Most common mistakes call centers make in phone sales: technology, management issues, and people.

Nothing is new under the sun, and even mistakes that call centers happen to make, tend to be tied to two common factors: technology and management.


1) Hiring practices

Call centers are notorious for employee turnover. This means that people working there tend to be less motivated and have less training. Improve your hiring standards, invest in educating and training your employees, don't forget about competitive salary, and the effectiveness of their work will skyrocket.

2) Bad scripts

You can't write a perfect script in one go. You need to assess and improve it continuously. Try using call recordings to check what works in a real conversation.

Tips for better scripts:

  • Don't make it too complicated. It will be hard for an agent to follow.
  • Don't make it too long. Time is a limited resource, and the patience of a customer can run out faster than your agent can convince them to buy your product.
  • Don't make your agents follow the script religiously. Sounding too rehearsed will actually hurt how your agent comes across. Following the script guidelines instead will make your agents sound more genuine, and it will be easier for them to adapt to the flow of the conversation.
  • Being too pushy. Customers don't like it when you're pressing them into making a decision. Present your product as best as possible to those who could benefit from it, and it will do your work for you.

3) Buying leads

If you don't have your own customer base, don't go buying others. It's counterproductive: even if you happen to purchase leads that are your exact target audience, people don't like cold calls.

It's better to gather leads yourself by providing people free value. You can make your social media entertainable and your ad campaigns creative. People will be happier to hear from you if they leave the contact information yourself. On your websites, you can post interesting and useful information for your customers. Then you can use a Callback or Click-to-Call widgets to gather leads.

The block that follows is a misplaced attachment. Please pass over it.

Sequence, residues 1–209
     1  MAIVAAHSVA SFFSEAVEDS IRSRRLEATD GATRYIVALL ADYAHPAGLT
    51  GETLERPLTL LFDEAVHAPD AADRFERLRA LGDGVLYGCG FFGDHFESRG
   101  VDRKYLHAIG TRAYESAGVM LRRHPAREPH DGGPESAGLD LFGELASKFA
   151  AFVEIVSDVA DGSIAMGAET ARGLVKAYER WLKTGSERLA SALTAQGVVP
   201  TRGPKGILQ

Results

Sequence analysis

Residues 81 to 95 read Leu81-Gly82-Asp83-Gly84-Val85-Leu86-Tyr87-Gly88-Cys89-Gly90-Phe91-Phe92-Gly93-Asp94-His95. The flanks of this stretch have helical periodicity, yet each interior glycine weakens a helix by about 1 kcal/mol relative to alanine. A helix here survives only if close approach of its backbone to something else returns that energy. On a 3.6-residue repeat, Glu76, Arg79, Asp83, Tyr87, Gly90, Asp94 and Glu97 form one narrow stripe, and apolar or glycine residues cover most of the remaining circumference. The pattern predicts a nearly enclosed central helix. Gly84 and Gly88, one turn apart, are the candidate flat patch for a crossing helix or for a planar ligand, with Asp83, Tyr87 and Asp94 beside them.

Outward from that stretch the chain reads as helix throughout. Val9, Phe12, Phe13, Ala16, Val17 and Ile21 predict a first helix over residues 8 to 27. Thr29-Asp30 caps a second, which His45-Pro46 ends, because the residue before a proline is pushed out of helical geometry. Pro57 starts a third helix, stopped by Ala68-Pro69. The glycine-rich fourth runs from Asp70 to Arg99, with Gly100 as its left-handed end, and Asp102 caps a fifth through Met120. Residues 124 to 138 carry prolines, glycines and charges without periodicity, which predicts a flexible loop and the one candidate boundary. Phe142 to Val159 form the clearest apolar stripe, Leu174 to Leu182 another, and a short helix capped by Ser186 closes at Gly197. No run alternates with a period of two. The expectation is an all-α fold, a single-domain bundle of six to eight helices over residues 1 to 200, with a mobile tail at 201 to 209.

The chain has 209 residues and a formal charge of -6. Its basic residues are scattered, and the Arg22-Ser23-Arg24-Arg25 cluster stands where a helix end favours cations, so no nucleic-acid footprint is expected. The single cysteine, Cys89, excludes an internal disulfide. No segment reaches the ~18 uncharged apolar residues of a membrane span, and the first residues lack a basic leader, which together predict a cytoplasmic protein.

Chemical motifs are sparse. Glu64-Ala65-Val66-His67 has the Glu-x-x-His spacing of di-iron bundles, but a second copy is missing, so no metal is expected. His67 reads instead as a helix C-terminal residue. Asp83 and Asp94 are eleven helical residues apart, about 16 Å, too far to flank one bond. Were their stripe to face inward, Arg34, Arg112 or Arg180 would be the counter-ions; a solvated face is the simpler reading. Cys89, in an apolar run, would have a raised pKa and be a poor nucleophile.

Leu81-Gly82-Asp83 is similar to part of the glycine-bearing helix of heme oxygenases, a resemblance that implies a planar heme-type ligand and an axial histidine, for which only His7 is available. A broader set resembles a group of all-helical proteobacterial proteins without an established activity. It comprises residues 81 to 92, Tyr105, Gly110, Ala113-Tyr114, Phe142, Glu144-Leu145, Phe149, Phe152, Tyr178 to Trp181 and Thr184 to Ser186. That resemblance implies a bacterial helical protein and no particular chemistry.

1) Chasing cheap call rates

Of course, the costs are a significant factor. But if you're selling something via the phone, the quality of sound will matter too. If your customer can't hear you, they won't understand how great your offer is or how necessary it is for them to have the latest version of whatever product you're peddling.

When using IP telephony, there are also setup fees and monthly costs to think about as well. Don't go trying to save a dollar if you risk ending up losing a hundred buck. Choose an IP telephony provider carefully. How reliable is their service? How fast and efficient is their support? Are their business hours the same as yours? Are you sure you won't lose the money you saved, or more, due to the downtime?

Having a reliable VoIP provider will ensure that you're always in business.

2) Not using a local phone number

People tend to find those similar to them more trustworthy. That includes people who live in the same area, city, state, or country. That's one reason to check if your provider has virtual numbers available for the market where you're reaching out.

The other is how accessible you are for your customer. If they miss a call from you or want to check some detail and want to call you back, if you're using a local number, that's more probable.

3) Using personal mobiles to make sales

Not to mention how hard it is to track the agent's progress if you don't have a centralized system with call history and analytics, but it also limits the features that your employees can access.

Instead of personal mobile phones, try using a virtual IP PBX. It doesn't take up space, and it is very convenient for call management like call queues or conditional call forwarding. You can set up a real virtual call center with this service!

Also, dialing with a SIP app or your call center dialer is much more convenient than dialing numbers one digit after another on a mobile.

Avoiding these common mistakes will help you to make more sales.